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Demonstrating Academic Integrity

Demonstrating Academic Integrity

When to Cite?

There are two basic rules:

  1. If you directly use someone else′ s words, etc., use quotation marks and give a complete reference.

  2. Give a complete reference if you use someone else's:
    • Idea, theory or opinion
    • Music, drawings, designs, dance, photography and other artistic or technical work
    • Tables, graphs or any other graphic element
    • Facts and information that are not generally known
    • Unusual or distinctive phrases, specialized terms, computer codes, quantitative data
    • Spoken or written words

Sources that Do Not Have to be Referenced

  • Your own ideas do not have to be referenced. Anything that you conclude from your research or that you think up on your own counts as your own idea.
    • The exception to this is work that you have previously submitted in any course in the past. This must be referenced like any other source.
  • If your idea is similar to another author's, make it clear in your writing that you thought of this idea on your own, but you later discovered it in another source (example: "Similar conclusions are found in.")
  • Common knowledge does not have to be referenced. If the information meets the following criteria, it can usually be considered common knowledge:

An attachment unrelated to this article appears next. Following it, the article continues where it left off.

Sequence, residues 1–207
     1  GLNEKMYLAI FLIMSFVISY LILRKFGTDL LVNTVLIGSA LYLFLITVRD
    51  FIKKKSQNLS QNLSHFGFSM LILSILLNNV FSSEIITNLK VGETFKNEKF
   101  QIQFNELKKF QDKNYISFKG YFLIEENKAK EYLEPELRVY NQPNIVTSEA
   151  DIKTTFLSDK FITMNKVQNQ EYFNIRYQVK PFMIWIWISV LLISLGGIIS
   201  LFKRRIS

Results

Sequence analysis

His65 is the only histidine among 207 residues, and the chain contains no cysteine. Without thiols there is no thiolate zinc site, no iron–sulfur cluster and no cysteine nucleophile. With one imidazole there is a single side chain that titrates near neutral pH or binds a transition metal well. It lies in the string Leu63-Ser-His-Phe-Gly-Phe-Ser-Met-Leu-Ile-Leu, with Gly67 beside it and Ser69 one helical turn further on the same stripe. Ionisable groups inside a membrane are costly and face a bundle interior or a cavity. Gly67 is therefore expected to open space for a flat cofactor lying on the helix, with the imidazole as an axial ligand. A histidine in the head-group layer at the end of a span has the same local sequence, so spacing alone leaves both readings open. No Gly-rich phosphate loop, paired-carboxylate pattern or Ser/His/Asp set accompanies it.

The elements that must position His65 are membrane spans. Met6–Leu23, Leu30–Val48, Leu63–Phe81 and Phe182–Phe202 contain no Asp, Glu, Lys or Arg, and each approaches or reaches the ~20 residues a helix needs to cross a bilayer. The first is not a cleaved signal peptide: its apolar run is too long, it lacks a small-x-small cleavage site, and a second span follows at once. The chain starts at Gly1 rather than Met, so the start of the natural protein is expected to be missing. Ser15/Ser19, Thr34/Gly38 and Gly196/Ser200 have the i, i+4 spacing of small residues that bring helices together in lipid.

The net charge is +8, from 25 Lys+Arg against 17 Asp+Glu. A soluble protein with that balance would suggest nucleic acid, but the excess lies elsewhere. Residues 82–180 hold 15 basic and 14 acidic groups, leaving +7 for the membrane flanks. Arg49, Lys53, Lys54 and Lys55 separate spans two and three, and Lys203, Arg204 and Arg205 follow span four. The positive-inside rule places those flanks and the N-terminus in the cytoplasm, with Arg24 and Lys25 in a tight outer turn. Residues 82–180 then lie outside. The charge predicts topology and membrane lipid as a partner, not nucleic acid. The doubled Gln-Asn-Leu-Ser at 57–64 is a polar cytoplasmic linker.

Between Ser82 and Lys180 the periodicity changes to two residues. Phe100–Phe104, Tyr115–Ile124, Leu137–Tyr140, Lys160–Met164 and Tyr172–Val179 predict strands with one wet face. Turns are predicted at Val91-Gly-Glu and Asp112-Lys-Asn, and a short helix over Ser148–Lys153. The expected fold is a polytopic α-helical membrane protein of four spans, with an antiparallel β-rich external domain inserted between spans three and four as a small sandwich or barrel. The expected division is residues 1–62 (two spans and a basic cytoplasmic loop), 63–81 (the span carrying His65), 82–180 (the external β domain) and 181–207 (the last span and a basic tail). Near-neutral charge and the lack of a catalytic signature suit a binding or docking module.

• It appears in several sources without reference.
    • It is not controversial. This means the information is generally considered as fact. (i.e. The earth orbits around the Sun)
  • If it is part of your thesis or main arguments, or it is the basis of your research, it must be referenced. If you have any doubts as to whether the information constitutes common knowledge, cite the source or consult your professor.

Incorporating another person's ideas and words into your work:

Direct Quotation: When incorporating another person's exact words into your work use a direct quotation. Be sure to place an opening quotation (“) when beginning the quote and a closing quotation (”) when ending the quote.

Paraphrasing or Summarizing: A paraphrase or summary uses your own words and sentence structure to explain someone else's idea or information obtained from another source (see example). You do not need to use quotation marks, however, you must acknowledge the originating source in your work with a citation. Failing to acknowledge a paraphrase implies that the writing represents your own original idea.


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